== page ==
Opinion: Trying to make everyone happy frequently leaves us feeling lonely.

Feting Blue

The truth is, no matter how hard we try, we can't make everybody happy. And while that might seem like a defeatist attitude at first, the truth is that when you take the pressure off yourself to make everyone around you happy, you'll feel less lonely.

When I was younger, I cared a lot about what everyone thought of me and often changed my behavior to please them. I was afraid that not doing what they wanted would make them angry with me, and I wanted to avoid the anger at all costs.

But the thing about anger is that it's very fleeting. The idea that we can change how others feel about us by merely changing how we present ourselves is a dangerous illusion––one I eventually realized was hurting me.

I was constantly trying to find a happy medium to appease everyone and thus didn't give myself any room to relax or be myself. I was always trying to please, and I was also trying to please myself in the process.

Eventually, I figured out that if you're not happy with yourself, it makes you even less happy when others are angry. The anger feels much worse because indifference toward yourself is not something that you're used to––you rely on the love and support of others to feel good about yourself.

The thing about anger is that it's transient. It comes, and it goes, and as long as you get your needs met in the end, it's okay. If someone gets angry with you but later apologizes and makes up for their behavior by doing something nice for you or being more respectful in the future––the anger is no longer an issue.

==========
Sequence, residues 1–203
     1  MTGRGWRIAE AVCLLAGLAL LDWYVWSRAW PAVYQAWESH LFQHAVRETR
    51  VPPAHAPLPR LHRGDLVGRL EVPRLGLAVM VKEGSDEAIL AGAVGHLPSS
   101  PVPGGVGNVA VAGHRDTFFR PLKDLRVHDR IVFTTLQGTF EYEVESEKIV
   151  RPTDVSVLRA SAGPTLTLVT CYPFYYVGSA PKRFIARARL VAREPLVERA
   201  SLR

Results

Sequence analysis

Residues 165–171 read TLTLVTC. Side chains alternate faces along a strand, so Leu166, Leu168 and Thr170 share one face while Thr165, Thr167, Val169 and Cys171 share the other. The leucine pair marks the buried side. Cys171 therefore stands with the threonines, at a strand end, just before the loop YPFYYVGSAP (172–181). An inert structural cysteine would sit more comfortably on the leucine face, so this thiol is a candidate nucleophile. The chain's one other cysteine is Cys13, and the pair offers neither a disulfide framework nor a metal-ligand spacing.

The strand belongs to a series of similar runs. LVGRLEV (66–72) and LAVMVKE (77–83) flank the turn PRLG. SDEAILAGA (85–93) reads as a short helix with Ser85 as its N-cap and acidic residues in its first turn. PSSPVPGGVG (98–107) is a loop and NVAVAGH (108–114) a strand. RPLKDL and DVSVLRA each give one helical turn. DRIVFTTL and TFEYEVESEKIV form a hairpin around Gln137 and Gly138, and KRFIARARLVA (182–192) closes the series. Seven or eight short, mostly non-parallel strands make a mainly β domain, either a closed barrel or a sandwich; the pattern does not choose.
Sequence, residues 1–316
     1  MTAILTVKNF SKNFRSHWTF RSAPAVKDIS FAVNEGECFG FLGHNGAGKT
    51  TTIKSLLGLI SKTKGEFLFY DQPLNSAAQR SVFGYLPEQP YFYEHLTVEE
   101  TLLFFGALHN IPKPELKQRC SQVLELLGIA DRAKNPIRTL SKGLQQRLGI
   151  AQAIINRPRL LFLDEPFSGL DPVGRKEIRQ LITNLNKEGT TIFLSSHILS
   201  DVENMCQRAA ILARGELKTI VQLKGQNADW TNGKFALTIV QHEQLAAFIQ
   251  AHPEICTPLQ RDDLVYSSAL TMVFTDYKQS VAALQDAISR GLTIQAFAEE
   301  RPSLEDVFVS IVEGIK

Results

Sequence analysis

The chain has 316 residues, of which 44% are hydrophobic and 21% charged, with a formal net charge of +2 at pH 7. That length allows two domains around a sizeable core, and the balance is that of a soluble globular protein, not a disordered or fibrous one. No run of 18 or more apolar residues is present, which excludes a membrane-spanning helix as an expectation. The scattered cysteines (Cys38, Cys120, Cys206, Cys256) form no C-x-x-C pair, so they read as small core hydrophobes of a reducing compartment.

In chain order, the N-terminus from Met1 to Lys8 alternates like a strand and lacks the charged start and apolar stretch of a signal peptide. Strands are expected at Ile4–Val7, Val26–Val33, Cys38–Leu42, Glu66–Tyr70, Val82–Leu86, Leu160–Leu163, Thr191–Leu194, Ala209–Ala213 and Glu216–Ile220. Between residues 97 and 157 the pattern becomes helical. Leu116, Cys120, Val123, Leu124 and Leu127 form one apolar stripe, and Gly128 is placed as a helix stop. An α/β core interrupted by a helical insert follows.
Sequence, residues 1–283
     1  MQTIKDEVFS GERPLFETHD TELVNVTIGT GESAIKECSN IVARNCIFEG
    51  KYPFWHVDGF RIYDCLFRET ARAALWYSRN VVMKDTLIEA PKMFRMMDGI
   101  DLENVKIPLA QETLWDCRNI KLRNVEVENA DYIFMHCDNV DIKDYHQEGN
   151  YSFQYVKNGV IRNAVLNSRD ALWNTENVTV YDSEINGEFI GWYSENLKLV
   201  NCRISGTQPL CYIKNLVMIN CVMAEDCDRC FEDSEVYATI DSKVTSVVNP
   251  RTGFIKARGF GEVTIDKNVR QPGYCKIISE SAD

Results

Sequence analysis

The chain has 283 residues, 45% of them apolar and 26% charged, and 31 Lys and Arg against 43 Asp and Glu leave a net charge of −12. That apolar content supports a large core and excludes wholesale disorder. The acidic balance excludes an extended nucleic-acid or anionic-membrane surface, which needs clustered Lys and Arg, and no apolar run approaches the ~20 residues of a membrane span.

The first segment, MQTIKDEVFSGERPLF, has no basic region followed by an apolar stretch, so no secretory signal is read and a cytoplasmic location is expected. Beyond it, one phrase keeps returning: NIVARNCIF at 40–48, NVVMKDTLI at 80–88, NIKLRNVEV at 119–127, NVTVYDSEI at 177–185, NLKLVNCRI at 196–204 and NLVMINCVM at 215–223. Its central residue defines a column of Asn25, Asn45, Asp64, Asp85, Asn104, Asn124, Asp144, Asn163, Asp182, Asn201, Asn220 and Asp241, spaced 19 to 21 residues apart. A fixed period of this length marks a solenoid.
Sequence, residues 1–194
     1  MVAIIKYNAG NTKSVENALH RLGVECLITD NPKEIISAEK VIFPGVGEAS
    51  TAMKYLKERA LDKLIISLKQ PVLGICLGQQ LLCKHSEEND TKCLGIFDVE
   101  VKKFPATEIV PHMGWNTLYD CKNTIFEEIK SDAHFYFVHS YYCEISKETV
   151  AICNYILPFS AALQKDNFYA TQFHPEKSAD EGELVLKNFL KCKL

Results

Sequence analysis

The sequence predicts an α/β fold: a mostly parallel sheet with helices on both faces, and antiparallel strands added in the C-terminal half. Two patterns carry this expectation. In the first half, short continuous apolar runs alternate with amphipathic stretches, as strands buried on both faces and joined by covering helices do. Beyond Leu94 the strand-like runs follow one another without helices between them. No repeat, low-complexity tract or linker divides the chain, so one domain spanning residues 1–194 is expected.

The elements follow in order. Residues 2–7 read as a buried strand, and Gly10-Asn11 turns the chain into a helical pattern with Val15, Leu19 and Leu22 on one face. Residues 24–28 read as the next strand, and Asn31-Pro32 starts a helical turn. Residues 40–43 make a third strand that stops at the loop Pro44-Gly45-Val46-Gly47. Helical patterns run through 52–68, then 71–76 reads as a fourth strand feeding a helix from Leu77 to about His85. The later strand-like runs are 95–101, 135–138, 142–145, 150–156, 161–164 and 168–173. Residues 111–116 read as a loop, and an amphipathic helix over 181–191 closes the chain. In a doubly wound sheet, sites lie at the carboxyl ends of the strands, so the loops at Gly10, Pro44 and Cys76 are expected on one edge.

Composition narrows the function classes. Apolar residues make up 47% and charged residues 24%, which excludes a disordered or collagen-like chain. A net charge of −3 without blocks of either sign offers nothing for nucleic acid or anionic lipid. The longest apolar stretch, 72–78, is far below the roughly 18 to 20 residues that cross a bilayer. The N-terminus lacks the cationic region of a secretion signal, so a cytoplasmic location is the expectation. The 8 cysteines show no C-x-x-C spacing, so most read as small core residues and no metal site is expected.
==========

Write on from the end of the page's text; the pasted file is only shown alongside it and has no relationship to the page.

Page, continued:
Anger lingers when we feel like we're getting the short end of the stick. When we feel like we can't meet our needs and someone else is holding power.

The hardest part is learning to be friends with that anger. Learning to allow yourself to feel it, experience it, but then realize you're not going anywhere for dealing with it. You're not going to abandon yourself or punish yourself for having these feelings; you're just going to acknowledge that they exist and let them pass through.

It takes practice. A lot of practice. It's scary at first to acknowledge that you feel this anger and that you're going to feel it indefinitely––but you don't need to suppress or ignore it.

You just need some self-awareness and compassion––you don't have to be friends with these feelings to achieve your goals and dreams, but you do have to learn how to cope with them if they arise. It can be challenging, but it gets easier once you get a handle on it.

And it is worth it.

So don't bring yourself down by trying to make everybody happy or get your needs met by constantly pleasing others. Instead, learn to love yourself and appreciate the situation that you're in with the people around you. Feelings of hatred and resentment simply won't help you achieve your goals; instead, they'll keep you mired in issues and problems you might not even realize are there.

You don't need to make everybody happy––instead, make yourself happy. And when you're happy, you'll be a happier and more relaxed person, making you a better company.

When I decided to change my attitude toward others and find new ways to get my needs met besides trying to make them happy, I felt an incredible sense of freedom. It was like waking up from a dream that I didn't even realize I was trapped in; it wasn't until I realized there was another way that I started to feel free––and those feelings have stayed with me ever since.

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